THE UNITED Kingdom is embarking on a constitutional revolution. Virtually every aspect of how we govern ourselves is being changed, in some cases fundamentally. And yet, there is a sense that the Government, lacking as it does a logical blueprint for reform, has embarked on a constitutional journey which has all the hallmarks of a mystery tour, to a destination unknown.
The effect of the constitutional changes in Scotland, Wales, Northern Ireland and London will inevitably increase their political bargaining power with Westminster. They will lobby hard to retain or increase the proportion of tax revenues which they enjoy. The consequence for the English regions is that - without the political clout which regional government would give - they will lose out.
If we accept that there is a strong case for regional government in the English regions, what form should it take, what powers should it have, and how should it fit in with other, existing levels of government?
We must begin by accepting that the UK's Constitution, even when reformed, will owe more to Heath Robinson than to a Jefferson or Hamilton.
This Government has no coherent vision for a reformed constitution. It is almost proud of the fact. And, in a sense, it is merely following a long British tradition of patch-and-mend pragmatism rather than logical or theoretical blueprints. If we accept a rolling programme of English regional government as part of the patchwork quilt which forms the British constitution, what would regional government in England look like?
The initial powers for regional assemblies would, I suggest, have many similarities with those of the Welsh Assembly, without the powers to make secondary legislation. They would have responsibility for health, education, housing, planning, transport, economic development, sport and the arts. This list immediately raises the question of the region's relationship with local government. There is a potential danger of conflict between the two, particularly if the Government proceeds to enable local authorities to have powerful elected mayors - and recent polling evidence gives strong support to this proposal. But I see the role of the region essentially to be to set out a regional strategy in the policy areas for which it is responsible, and to take over from the unelected and barely accountable regional offices of government departments the responsibility for ensuring that government expenditure is used to best effect. This would permit greater flexibility to respond to regional needs.
A regional assembly would of course be elected, and there are the usual compelling arguments for doing this by STV [single transferable vote] in multi-member constituencies. Should the assembly have tax-raising powers? The arguments for doing so are very strong. Tax-raising power is at the heart of all political power and, if regional assemblies really are going to have some degree of independence from Whitehall, an ability to raise at least part of their revenue directly has great appeal. The range of taxes which could be deployed sensibly at regional level is, however, quite limited.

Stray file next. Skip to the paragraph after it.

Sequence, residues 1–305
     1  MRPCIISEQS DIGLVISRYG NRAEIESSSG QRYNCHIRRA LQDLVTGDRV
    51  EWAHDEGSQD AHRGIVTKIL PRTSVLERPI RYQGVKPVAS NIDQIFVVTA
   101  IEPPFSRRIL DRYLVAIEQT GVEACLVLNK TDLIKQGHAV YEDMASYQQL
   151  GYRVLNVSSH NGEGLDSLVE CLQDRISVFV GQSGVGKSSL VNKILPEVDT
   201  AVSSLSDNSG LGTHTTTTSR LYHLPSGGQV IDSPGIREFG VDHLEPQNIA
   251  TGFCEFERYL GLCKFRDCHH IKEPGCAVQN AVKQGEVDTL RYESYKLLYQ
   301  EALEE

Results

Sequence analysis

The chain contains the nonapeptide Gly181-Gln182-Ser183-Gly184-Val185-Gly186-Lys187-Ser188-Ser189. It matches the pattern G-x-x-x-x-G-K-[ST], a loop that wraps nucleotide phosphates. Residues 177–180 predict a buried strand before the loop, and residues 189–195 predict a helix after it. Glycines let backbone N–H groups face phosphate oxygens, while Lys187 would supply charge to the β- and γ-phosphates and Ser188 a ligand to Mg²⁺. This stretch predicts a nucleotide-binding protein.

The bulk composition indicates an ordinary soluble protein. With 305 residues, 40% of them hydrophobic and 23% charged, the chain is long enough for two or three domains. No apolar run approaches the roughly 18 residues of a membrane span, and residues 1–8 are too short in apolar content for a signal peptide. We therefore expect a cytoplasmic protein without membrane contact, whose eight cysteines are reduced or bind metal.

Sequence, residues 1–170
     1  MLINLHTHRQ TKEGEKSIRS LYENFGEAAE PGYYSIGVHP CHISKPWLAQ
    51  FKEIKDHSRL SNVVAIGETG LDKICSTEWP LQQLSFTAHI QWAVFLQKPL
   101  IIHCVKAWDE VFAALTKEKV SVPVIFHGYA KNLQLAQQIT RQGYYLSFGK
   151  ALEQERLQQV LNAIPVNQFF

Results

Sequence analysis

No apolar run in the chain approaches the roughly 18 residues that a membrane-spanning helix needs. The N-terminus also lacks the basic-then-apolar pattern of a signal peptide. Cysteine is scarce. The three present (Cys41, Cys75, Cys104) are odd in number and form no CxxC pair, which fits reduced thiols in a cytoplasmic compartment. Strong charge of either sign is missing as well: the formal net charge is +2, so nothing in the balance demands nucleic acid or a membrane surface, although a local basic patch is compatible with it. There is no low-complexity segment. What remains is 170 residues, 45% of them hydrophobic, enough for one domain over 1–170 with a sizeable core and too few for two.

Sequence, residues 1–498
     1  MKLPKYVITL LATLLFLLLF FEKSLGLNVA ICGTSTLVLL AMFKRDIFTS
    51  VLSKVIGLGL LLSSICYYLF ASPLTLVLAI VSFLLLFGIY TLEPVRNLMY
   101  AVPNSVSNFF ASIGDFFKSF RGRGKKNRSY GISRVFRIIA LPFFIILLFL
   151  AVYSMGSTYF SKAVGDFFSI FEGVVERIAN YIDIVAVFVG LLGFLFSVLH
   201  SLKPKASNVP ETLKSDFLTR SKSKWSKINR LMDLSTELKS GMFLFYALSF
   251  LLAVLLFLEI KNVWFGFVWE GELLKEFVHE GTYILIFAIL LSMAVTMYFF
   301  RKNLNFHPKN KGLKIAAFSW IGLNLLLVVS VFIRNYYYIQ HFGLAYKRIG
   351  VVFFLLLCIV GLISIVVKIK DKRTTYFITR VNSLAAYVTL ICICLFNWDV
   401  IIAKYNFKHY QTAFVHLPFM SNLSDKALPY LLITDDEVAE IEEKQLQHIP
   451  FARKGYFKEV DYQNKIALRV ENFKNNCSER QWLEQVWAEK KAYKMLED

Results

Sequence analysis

The Scottish Parliament will be up and running in six months' time. Belatedly, English parliamentarians are scurrying round trying to agree the response. The Conservatives are half proposing a separate English Parliament which would mirror the Scottish Parliament. I would strongly oppose a new English Parliament. It would run the risk of becoming a depository of chauvinistic English nationalism of the worst kind.
Equally, I do not believe that it will be acceptable to English MPs - or Lords - to have Scottish participation in debates and votes on English (or English and Welsh) legislation. The resolution of this problem is, I believe, to be found using the model which Liberal Democrats use. Each debate at conference is either a federal or an English debate. When it is a Federal debate everyone can participate. In an English debate, only English representatives can. The same procedure should be adopted at Westminster.
How do we achieve regional government? It will not come without a struggle. This Government is not committed to it, and the Tories are opposed.
Some commentators are coming round. Jeremy Paxman, in his book on the English, concludes: "New nationalism is less likely to be based on flags and anthems. It is modest, individualistic, ironic, concerned with cities and regions as with counties and countries. In an age of decaying nation states it might be the nationalism of the future." But then, Jeremy Paxman is a Yorkshireman!
Lord Dick Newby warns on the dangers of the English (Independent, Tuesday, 5 January 1999)